Escherichia coli (E. coli) has been a severe disease in our industry for decades and continues to be prevalent today. It is a bacterium that commonly causes neonatal and post-weaning diarrhea. E. coli can create a severe economic impact due to mortality, decreased weight gain, vaccination cost and added nutritional components to slow down scours.

Many neonatal E. coli diarrhea issues are covered up by maternal vaccinations. Our biggest issues today occur in the post-weaning period when maternal antibodies aren’t available to stop severe diarrhea, down paddling pigs and septicemia.

Two major, post-weaning E. coli adhesin types are K88 and F18. It is important to distinguish the two types to know timing of the scours and how to protect your piglets post-weaning. K88 is most common in the early post-weaning phase while F18 tends to be 2-3 weeks into the nursery phase.

Factors causing post-weaning diarrhea

Post-weaning diarrhea is very common and can involve multiple factors, including the environment, disease pressure, feed, maternal immunity and the transition from milk to feed. The long and short of it is: To get a protected pig, you need a clean environment with good feed.

In many cases, it’s tough to tell which area is the shortfall when you have scour issues. E. coli can be both a pig-flow problem, which would be transferred from the sow farm to the nursery or wean-to-finish barn, or even a site-specific issue for post-weaning scours.

In the field, there are many cases where E. coli tends to be a site issue. No matter what pigs are put in the barn, the facility ends up with a post-weaning, E. coli scour. To combat this, we do a very thorough cleaning that includes floors, feeders and water lines. Cleaning water lines can be especially important for E. coli when the issue is site dependent.

How to eliminate E. coli in a barn

Here’s a regimen for eliminating E. coli from a nursery or wean-to-finish barn.

1. Start by adding citric acid or other acidifiers prior to the previous group moving out of the barn and prior to cleaning the barn. Administer it through a water medicator. This way the pigs draw it all the way to the nipple. Note: The first time you complete this, be careful because the nipples may plug with residue that’s built up in the water lines.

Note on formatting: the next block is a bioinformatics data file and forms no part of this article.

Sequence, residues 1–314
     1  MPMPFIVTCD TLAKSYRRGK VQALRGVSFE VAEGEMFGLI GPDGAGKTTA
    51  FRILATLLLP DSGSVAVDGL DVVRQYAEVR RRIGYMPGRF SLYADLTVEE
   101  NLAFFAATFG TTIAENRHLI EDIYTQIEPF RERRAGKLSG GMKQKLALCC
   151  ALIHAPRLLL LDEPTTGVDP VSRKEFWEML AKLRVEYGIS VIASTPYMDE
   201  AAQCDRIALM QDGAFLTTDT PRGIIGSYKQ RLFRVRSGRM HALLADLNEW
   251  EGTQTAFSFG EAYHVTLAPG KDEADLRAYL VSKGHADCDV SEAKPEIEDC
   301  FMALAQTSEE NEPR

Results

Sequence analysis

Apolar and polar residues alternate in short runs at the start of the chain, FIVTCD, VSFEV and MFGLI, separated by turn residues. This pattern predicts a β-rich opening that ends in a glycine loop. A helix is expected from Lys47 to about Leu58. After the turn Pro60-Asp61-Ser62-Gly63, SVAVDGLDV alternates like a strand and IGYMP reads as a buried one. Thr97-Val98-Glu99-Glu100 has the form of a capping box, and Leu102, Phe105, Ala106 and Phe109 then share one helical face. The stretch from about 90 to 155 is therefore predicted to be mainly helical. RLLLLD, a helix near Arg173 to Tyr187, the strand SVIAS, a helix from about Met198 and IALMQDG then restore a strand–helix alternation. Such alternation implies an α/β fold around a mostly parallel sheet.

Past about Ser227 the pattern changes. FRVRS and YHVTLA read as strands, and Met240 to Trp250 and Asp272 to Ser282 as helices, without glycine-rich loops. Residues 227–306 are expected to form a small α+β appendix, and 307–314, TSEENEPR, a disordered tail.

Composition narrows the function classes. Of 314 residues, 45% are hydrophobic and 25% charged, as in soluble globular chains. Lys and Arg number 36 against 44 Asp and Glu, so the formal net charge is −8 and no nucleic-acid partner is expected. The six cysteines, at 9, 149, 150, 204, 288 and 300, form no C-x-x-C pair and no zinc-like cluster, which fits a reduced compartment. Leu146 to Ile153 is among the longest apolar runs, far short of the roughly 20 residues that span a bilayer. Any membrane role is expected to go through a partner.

2. During downtime between turns, thoroughly clean by washing with hot-water pressure. Allow to dry and then disinfect with your chosen disinfectant.

Whitewash with hydrated lime. Apply a thick coat and, ideally, lift all feeders and gates. Focus on the bottom side of gates and water troughs.

3. While completing this very thorough washing, soak the water lines again with another acidifier. Soak for at least 12 hours. Next, pull off all nipples and soak in bleach for 6 hours minimum. Note: This washing process is time consuming so you may need extra downtime between turns.

While going through extensive cleaning, we usually invest in other options such as vaccinations, antimicrobial treatment or feed additives.

As with most swine production, it is not as clean as a research trial, but the goal is to fix the problem.

Solving a ‘strep’ case

E. coli cases always seem simpler when writing an article than in real life situations. Just the other day, a producer called me to discuss a “strep case” and had me out for a sick call.

During the site visit we saw about 35 down and paddling pigs in a barn of about 1,000 head. I did not see many scours, but upon closer examination, I noticed severely sunken eyes of the freshly dead pigs. After performing a necropsy, we noticed dark-red, inflamed intestines. This was a mistaken diagnosis of strep and was actually an E. coli break.

Now with a diagnosis it should be easy to treat, right? When sending in the diagnostics, the E. coli was resistant to everything except neomycin. There are a variety of medications that have been very effective against E. coli. You will need to do diagnostics to determine antibiotic sensitivity.

Vaccinate prior to weaning